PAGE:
South Korea to expedite enactment of law banning human cloning

SEOUL, South Korea - South Korea will accelerate efforts to enact its first law against human cloning after a firm claimed it had successfully implanted a cloned human embryo in a Korean woman, the government said Friday.

"Whether the claim is true or not, it has become more imperative that we enact such a law at the earliest possible date," said Kim So-hui, an official at the Ministry of Health and Welfare.

Kim's ministry and the Ministry of Science and Technology have drafted separate law bills that would ban cloning of humans and limit stem cell research. The two bills are being combined into one for approval by the National Assembly.

Officials said the unified bill will call for a prison term of up to 10 years for those who attempt or help to clone humans. It will also require the establishment of a presidential ethics committee with the power to set boundaries on embryonic and stem cell research.

Research on embryonic stem cells could revolutionize the treatment of diseases such as cancer and Parkinson's disease. Yet, the research is controversial because embryos must be destroyed to recover the stem cells.

South Korea launched an investigation this week into a claim by the U.S.-based Clonaid's South Korea branch office that its head company had made a South Korean woman pregnant with a cloned embryo.

Kwak Ji-hwa, who identified himself as a spokesman for Clonaid's South Korea office, said Thursday that the woman was two months pregnant and that he was confident the woman would give birth to a healthy baby.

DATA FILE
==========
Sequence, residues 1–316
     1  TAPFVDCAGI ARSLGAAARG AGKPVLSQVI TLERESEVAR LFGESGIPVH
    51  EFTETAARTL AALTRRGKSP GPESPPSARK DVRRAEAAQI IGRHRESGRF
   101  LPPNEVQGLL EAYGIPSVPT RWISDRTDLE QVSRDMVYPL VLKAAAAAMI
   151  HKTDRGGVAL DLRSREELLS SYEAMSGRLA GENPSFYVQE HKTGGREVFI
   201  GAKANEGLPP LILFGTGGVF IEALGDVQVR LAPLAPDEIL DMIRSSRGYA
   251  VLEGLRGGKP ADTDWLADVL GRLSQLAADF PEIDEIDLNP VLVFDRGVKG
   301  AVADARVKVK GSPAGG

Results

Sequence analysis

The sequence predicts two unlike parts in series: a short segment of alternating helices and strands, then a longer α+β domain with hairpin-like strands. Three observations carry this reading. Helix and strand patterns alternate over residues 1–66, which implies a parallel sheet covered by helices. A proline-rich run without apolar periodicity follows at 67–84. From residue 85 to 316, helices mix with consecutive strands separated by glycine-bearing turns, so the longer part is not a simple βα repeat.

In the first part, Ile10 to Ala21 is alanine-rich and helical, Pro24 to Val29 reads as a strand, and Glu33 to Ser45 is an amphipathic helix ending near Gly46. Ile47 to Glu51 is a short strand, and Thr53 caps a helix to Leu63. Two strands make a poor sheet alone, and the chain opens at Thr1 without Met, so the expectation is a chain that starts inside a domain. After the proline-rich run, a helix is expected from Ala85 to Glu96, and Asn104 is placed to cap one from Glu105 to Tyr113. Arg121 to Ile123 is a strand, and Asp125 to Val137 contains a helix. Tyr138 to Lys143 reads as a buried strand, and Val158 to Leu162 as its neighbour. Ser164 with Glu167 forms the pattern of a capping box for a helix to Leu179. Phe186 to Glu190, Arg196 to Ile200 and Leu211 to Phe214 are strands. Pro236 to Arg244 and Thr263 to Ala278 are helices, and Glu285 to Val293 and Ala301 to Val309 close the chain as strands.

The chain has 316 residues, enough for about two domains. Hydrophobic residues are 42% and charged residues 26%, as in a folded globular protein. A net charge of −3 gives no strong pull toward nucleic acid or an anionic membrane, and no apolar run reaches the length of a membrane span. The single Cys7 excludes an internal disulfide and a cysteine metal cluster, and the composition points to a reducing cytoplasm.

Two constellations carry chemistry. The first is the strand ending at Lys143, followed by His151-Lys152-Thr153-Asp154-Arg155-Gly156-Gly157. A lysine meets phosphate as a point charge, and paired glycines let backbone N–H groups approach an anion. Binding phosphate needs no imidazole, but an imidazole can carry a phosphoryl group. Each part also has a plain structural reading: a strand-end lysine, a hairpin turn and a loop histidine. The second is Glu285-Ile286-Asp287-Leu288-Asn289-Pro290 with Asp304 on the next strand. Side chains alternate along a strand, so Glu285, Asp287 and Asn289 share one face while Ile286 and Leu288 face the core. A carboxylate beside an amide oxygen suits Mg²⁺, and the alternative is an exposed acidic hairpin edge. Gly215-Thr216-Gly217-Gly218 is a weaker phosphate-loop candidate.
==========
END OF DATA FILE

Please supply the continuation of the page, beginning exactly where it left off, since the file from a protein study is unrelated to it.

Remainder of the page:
Kwak said he was not concerned about the government investigation, because the pregnancy was achieved abroad and South Korea has no law that bans human cloning.

In telephone interviews with government investigators and journalists, Kwak refused to provide any details about the reported case, such as the surrogate South Korean mother, his company and its location in the United States and South Korea.

According to its Web site, Clonaid was founded in 1997 by the Raelian Movement, a sect that believes life on earth was created by clones of extraterrestrials.

The Raelian Movement claims a membership of 55,000 worldwide. It was not known how many followers it has in South Korea.

According to Kwak, the Clonaid spokesman, the Korean implant was arranged through BioFusion Tech, a South Korean firm based in the southeastern city of Daegu, under agreement with Clonaid.

Government investigators visited BioFusion's office Wednesday, but found that it had moved out of the building a few days earlier.

Most cloning experts are opposed to cloning for reproductive purposes, citing numerous birth defects and other serious problems affecting cloned animals.